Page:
It's really only since the Enlightenment (18th century) that this idea of spiritual disease went underground. It never disappeared, though. In almost any other era, people themselves chose the mode of healing they wanted. They might go to a physician for a broken leg, get a love charm from an herbalist, and sleep in a temple of healing for their arthritis.
Lest the reader think that this was merely open season for charlatans, consider. In Hippocratic writings, there was a specific admonition to the physician to not accept patients with diseases that the physician knew he couldn't cure. There was even a list of the diseases that could not be cured within the school. Indian physicians of Ayurvedic medicine were under a similar admonition. And further, from Roman times until the 16th century, there was something called a Contract for a Cure. This was a legal contract entered into by an herbalist, barber-surgeon, or physician – with the patient, specifying exactly what the health care practitioner could do, the cost, and the treatment protocol that the patient must follow. The patient paid up front only for medicines, and if the cure didn't work, the health care practitioner was not paid. This was not just a theoretical possibility, but a standard practice. In Italy, there were even specific courts that dealt with complaints relating to these contracts, and we have records of these proceedings. Ask yourself how many physicians today would agree to such a contract before you call the practitioners of past eras fraudulent or ineffective!
The problem then, as now, is finding the right healer. The traditional wisdom is that you need to first understand whether a disease is physical, mental, or spiritual in order to know who to consult. Horary astrology developed techniques for addressing this specific question. We address this aspect of medical astrology in Chapter 6.
Most of astrology's long history of association with medicine has been through its utility in generally describing the temporal course of the disease, and through its system of planetary rulerships, provide clues for prescribing appropriate herbs, or even methodologies of treatment.
With one exception, astrology itself is not now, and never was a form of treatment. The one exception is called the remedial measures. In the West, this system was primarily amulets with an astrological association, such as an iron pendant inscribed with the planetary symbol for Mars (iron is ruled by Mars). The use of amulets to cure disease goes back to ancient Egypt at least, although there is no evidence that their early amulets were astrological in nature. For the most part, amulets became associated with magic, and became subject to the same societal aspersions as the rest of magic when the practice became associated with Christian satanic fears.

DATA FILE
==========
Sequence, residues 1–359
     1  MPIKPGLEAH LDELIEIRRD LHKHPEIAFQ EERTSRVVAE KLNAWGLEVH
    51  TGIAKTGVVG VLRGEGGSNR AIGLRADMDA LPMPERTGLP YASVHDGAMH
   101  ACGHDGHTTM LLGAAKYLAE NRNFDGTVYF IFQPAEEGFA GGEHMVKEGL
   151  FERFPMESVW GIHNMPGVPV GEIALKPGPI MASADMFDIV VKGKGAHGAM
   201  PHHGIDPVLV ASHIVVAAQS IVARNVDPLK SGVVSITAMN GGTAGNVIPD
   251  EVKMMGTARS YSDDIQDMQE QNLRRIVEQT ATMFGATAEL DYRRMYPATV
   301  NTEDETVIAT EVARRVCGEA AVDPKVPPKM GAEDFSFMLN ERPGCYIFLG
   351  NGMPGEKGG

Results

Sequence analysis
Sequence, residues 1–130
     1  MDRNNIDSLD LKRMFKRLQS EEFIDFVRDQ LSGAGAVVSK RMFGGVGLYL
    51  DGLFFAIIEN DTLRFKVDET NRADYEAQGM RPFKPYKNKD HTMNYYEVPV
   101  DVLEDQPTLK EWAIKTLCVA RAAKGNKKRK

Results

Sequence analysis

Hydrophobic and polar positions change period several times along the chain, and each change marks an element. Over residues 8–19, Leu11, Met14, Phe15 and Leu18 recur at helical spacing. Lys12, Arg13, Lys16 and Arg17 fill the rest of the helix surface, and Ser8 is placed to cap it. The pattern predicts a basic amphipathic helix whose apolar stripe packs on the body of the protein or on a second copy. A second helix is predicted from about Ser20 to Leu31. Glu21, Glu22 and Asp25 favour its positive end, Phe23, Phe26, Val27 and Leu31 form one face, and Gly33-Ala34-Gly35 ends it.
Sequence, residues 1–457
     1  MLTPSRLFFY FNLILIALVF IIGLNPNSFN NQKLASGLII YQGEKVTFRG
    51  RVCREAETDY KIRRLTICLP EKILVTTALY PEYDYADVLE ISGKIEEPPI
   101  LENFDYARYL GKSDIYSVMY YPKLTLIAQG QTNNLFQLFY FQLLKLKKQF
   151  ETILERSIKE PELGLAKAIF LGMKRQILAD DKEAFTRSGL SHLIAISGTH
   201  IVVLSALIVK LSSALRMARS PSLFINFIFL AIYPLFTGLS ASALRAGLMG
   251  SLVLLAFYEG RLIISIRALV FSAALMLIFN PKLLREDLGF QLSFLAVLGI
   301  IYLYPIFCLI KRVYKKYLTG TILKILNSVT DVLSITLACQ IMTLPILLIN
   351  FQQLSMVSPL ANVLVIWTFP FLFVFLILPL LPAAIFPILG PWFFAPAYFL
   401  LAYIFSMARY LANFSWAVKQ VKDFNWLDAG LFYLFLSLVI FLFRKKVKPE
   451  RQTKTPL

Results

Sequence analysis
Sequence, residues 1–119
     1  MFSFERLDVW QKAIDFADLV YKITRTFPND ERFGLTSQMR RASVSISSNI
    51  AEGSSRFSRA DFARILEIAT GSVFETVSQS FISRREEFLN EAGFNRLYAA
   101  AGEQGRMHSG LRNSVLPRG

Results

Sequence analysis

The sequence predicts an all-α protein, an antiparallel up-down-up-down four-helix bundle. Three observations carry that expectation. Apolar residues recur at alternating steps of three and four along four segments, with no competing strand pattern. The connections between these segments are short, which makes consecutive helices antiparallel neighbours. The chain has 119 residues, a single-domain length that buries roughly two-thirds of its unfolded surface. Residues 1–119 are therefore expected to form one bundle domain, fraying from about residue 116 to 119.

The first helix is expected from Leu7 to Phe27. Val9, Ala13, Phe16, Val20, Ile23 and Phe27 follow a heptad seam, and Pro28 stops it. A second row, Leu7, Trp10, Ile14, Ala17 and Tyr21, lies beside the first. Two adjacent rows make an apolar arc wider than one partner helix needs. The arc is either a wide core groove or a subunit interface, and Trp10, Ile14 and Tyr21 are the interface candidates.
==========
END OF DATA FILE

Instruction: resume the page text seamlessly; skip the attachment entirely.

Within Indian Ayurveda and Vedic astrology (Jyotish), the remedial measures were developed into a powerful system for either attenuating difficult planetary influences, or encouraging the positive expression of planetary energies. In India, astrology is much more closely integrated into the traditional healing systems than is true in the West. To Westerner, the most familiar application of these methods is the use of gems ruled by the nine planets (Navagraha).
So apart from the remedial measures, astrology has always been an adjunct to medicine – not medicine itself. In the Middle Ages, astrology was taught as much through the medical schools and barber-surgeon apprenticeship, as through the liberal arts programs at universities. The reason was simple: if astrological methods could improve physicians' ability to determine how easily a disease could be cured, or which herbs could be helpful in treatment, the astrology was worth learning! Even historians of medical astrology (who have no belief in astrology themselves) have appreciated just how powerful a tool astrology was seen to be.
In the 21st century, the challenge for medical astrology is whether and how it can help us to make choices about our health care in a world where our medical systems are overloaded with patients. We are sadly in an era where personalized care of any sort, medical or otherwise, is increasingly difficult to get. Just as our healers have become swamped with cases, we also are experiencing a level of harmful exposure to chemicals that has never been encountered by our species. With the chemical industry fighting hard to keep public discussion of the dangers of chemicals to a minimum, those of us who have already reached our own conclusions on these matters find ourselves in uncharted territory. So the pressing question for us is: can medical astrology be adapted to examine these new circumstances?
In this book, I hope to demonstrate enough about the principles of traditional medical astrology to at least provide a blueprint to address these pressing modern problems. I believe we can chart our path best by learning as much as we can about all the pathways that have been explored, and by examining their strengths and weaknesses, not in a judgmental way, but in the mode of constructive criticism. Then we can hope to create helpful strategies for us to take responsibility for our health individually and globally for the future.